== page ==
Governor, Mark Gordon
Chief Justice, Michael K. Davis
President of the Senate, Dan Dockstader
Speaker of the House, Eric Barlow
As former legislators of the State of Wyoming, we still take a keen interest in what is happening in the politics of Wyoming. We jointly raise our voices in concern regarding what is transpiring in our state. We believe we are approaching a constitutional crisis. Our concerns are that two of Wyoming branches of government (judicial and legislative) are unresponsive to the citizens.
The Judicial branch is closed to the people. Most hearings are being held on private video with no notice to the public. The computer system used by the judicial branch for public access, wyuser, is not an open system. Additionally, the Wyoming Supreme Court has closed the judicial system to Jury Trials. The people of Wyoming are being denied access to the courts. The accused are being denied the critical right to a speedy trial by jury. Civil cases are being delayed, possibly for years.
The Wyoming Constitution says:
Article 1, Section 9 Trial by jury inviolate.
The right of trial by jury shall remain inviolate in criminal cases. A jury in civil cases and in criminal cases where the charge is a misdemeanor may consist of less than twelve (12) persons but not less than six (6), as may be prescribed by law. A grand jury may consist of twelve (12) persons, any nine (9) of whom concurring may find an indictment. The legislature may change, regulate or abolish the grand jury system. Note Inviolate Defined: Not violated or profaned.
Article 1, Section 8 Courts open to all; suits against state.
All courts shall be open and every person for an injury done to person, reputation or property shall have justice administered without sale, denial or delay. Suits may be brought against the state in such manner and in such courts as the legislature may by law direct.
Secondly, the leadership of our legislature wants to run a session virtually which, in all reality, greatly blocks public access of the people to the legislative branch of government. To many citizens, Zoom™ legislative committees are not accessible. Citizens are required to sign up in advance of the meeting and write their position to get access to speak in a committee meeting. A citizen who sees something wrong on a taped delay Committee meeting can not join and make public comment, as he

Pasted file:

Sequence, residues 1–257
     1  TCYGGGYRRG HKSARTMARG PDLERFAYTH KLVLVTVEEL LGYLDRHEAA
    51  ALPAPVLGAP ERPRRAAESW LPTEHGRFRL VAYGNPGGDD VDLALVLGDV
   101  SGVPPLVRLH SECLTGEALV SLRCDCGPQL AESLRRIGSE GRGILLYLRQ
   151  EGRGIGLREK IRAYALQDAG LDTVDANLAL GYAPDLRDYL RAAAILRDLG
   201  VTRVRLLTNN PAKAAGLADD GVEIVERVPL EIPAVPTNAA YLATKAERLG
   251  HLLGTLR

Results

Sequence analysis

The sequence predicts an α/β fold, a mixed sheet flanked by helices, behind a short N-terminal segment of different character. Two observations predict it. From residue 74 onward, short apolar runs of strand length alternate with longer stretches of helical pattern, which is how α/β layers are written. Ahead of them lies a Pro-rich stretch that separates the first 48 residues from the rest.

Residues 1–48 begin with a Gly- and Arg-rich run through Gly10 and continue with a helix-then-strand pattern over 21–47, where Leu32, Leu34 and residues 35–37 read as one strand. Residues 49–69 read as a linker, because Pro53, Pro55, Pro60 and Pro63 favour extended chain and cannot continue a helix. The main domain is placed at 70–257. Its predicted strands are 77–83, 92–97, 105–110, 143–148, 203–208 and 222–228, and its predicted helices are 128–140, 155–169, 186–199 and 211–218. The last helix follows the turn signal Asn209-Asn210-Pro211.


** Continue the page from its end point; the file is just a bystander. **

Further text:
did not sign up in advance. This is not equal access. This is not the participatory government envisioned by our founders. Also, if someone were to bring suit regarding the constitutionality of a quorum where legislators are virtually present, the litigant could not have a jury of Wyoming people.
The Legislature is intended to be the People’s house. In a virtual session, where will the virtual people be? How can a citizen access their legislators in a virtual session? How is a citizen to attend an unplanned meeting? How will virtual legislators crowd around a virtual rules committee to hear virtual discussion on rules? The People should not be treated as virtual participants. A virtual
government is an actual mockery of "a government by the people."
The Founders made constitutional provisions to prevent what is happening here in our legislature.
Article 3, Section 7 Time and place of sessions.
(a) The legislature shall meet at the seat of government at twelve o'clock noon, on the second Tuesday of January of the odd-numbered years for general and budget session and may meet on the second Tuesday of January of the even-numbered years for budget session, and at other times when convened by the governor or upon call of the legislature as herein provided…
Article 3, Section 11 Quorum.
A majority of each house shall constitute a quorum to do business, but a smaller number may adjourn from day to day, and compel the attendance of absent members in such manner and under such penalties as each house may prescribe.
Article 3, Section 14 Sessions to be open.
The sessions of each house and of the committee of the whole shall be open unless the business is such as requires secrecy.
The above provisions of the constitution are enacted to allow the people to participate in a legitimate process. We call upon the Courts and the Legislature to adhere to constitutional requirements. The Wyoming State Government closed to the people is behaving contrary to our constitution.
Article 1, Section 1 Power inherent in the people.
All power is inherent in the people, and all free governments are founded on their authority, and instituted for their peace, safety and happiness; for the advancement of these ends they have at all times an inalienable and indefeasible right to alter, reform or abolish the government in such manner as they may think proper.
We pray that you, the leaders of the executive, judicial and both houses of our legislature put the citizens back into the participatory government described and prescribed by our beautiful Wyoming constitution.
Garry Piiparinen, Evanston
Allen Jaggi, Lyman